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The Whistleblower Blog

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Presented by Hodgson Russ, the Whistleblower Blog is written by a team of lawyers experienced in successfully guiding both whistleblowers and companies accused by whistleblowers of wrongdoing through the False Claims Act process.

Photo of The Whistleblower Blog Daniel C. Oliverio
Chairman Emeritus; False Claims Act & Whistleblower Representation and Business Crimes & Criminal Investigations Practices Leader
doliverio@hodgsonruss.com
716.848.1433
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In addition to serving as Chairman Emeritus of the Firm and leader of Hodgson Russ's False Claims Act & Whistleblower Representation and Business Crimes, Regulatory …

Showing 6 posts by Daniel C. Oliverio.

DOJ Now Requires Certain Factors Be Met Before Pursuing Off-Label Cases

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Over the years, the Department of Justice has vigorously pursued off-label sales of pharmaceuticals by some of the largest pharma companies in the world. By statute, pharma companies cannot market a product “off-label,” while a physician may prescribe off-label, if he or she believes a particular medicine is effective. This rule created a tension between pharma and physicians.

Sharing Agreements, Consolidation, and Relators’ Share

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More and more, we are seeing multiple and separate qui tam cases filed across various districts that, in part, contain overlapping claims, allege common sets of facts, or supplement each other in a way that, if combined, results in much stronger complaint. The problem is simple: absent consolidation and a sharing agreement, the government has a mess on its hands when trying to determine who is the “first” relator for purposes of the relators’ share.

Sharing Agreements Beat First-Relator Fights

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As cases become more complex and multiple allegations arise, it is more and more frequently the case that multiple relators will file complaints in different districts covering, at least for the most part, common subject matter. Rarely, however, in these types of cases, can one make a definitive judgment about whether the allegations overlap, either in whole or in part, are identical, or are distinctly separate. U.S. attorneys want to be able to consolidate cases and use all of the allegations in a single False Claims Act prosecution. So what to do about the relators?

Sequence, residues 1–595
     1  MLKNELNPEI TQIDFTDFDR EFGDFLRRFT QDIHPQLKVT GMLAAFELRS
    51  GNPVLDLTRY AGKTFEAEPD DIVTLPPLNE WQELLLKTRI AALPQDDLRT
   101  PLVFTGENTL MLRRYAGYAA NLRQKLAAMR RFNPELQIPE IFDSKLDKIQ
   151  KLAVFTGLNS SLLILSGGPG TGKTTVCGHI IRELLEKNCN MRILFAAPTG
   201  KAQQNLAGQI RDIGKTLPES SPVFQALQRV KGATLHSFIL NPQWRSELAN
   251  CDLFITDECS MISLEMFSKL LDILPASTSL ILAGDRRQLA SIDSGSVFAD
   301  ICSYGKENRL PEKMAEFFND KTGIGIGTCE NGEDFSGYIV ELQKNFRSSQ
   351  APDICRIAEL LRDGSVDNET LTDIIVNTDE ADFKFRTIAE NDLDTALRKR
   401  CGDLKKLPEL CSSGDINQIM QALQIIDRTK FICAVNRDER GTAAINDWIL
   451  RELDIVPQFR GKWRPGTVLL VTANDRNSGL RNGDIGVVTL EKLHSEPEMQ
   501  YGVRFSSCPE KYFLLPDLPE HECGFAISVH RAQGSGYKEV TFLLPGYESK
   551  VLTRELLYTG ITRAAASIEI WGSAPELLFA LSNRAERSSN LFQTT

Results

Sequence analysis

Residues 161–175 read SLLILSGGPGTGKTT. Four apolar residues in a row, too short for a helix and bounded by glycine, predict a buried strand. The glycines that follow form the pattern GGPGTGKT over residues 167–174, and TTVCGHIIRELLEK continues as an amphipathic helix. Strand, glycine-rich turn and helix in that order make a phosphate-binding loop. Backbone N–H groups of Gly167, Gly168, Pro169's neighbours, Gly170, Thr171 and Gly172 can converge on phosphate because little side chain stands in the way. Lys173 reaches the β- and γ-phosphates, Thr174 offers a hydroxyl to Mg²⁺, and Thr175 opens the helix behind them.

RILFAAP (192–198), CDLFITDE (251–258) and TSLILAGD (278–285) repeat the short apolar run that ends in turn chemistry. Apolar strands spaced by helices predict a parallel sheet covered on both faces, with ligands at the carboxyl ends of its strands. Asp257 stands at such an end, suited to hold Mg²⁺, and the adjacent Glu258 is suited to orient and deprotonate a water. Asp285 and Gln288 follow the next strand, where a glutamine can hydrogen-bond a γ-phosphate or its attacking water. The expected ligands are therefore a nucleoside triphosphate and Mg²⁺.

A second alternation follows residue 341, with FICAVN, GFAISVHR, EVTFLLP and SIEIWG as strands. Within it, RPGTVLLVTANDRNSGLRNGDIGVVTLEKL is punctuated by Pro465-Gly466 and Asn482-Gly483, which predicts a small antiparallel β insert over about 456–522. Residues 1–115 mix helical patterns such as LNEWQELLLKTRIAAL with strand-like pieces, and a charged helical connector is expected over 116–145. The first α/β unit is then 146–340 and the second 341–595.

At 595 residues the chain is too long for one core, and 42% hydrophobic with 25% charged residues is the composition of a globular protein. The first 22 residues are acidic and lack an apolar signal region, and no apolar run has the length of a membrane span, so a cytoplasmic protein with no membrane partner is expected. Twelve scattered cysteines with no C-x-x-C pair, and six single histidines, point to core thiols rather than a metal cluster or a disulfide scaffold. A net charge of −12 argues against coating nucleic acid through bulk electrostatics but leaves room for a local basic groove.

Amendments to False Claims Act May Affect “Original Source” Issues

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The False Claims Act amendments found in the Fraud Recovery Enforcement Act of 2009 appear to broaden the “original source” rules by eliminating the requirement that a person must have “direct” knowledge of information underlying False Claims Act allegations.

Parallel Prosecutions: Good or Bad in a Whistleblower Case?

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A common scenario: a whistleblower files a solid False Claims Act complaint with an ample disclosure. The government takes the disclosure and complaint, does some preliminary investigation, and opens a criminal file and grand jury investigation. The civil False Claims Act goes dormant and the Federal Rule of Criminal Procedure 6(e) prohibits the U.S. attorney from discussing any grand jury evidence with the whistleblower or whistleblower’s counsel. De facto, the government has taken over the case. That can only be good. Simply, if there is a criminal conviction by plea or after trial, and the factual basis for the conviction is the same as that alleged in the complaint, the case is a winner. And if there is a plea, global settlements are the rule rather than the exception. So the relator gets paid at the same time the criminal plea is entered.

The False Claims Act

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The False Claims Act, first passed by congress at the time of the Civil War in response to government fraud in the purchase of war supplies, really hasn’t changed much over the years. While the False Claims Act is now directed toward substantive areas like health care, pharmaceuticals, and sophisticated government transportation contracts, the claims are no different than back when. Simply, unscrupulous persons and entities attempt to defraud the government (and the taxpayers) by selling inferior goods, by charging more than what has been agreed to by the government, and by providing goods or services that are not as represented in agreements with the government. The dramatic increase in government programs (Medicare, Medicaid, HUD, HHS) has resulted in a commensurate number of ways for the government to be defrauded within the scope of the False Claims Act. So while the modern claims under the act involve things like off-label sales of prescription pharmaceuticals, overcharges under the Medicare program, and phony claims for the transportation of military parts, that is the only difference from those that sold inferior gun powder, blended blankets instead of wool, and mules instead of horses to the Union army and the government.

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Hodgson Russ is one of only a few major law firms that represents both whistleblowers and companies accused by whistleblowers of wrongdoing. This unusual perspective means we are exceptionally well positioned to advise whistleblowers about potential claims.

We are not a "whistleblower mill" that pays little attention to the needs of its clients or the factual nuances of complex cases. Rather, we are a team of highly experienced lawyers that selects only the best cases, affording us the time and focus to become fully immersed in the factual and legal details necessary to bring cases to successful resolution.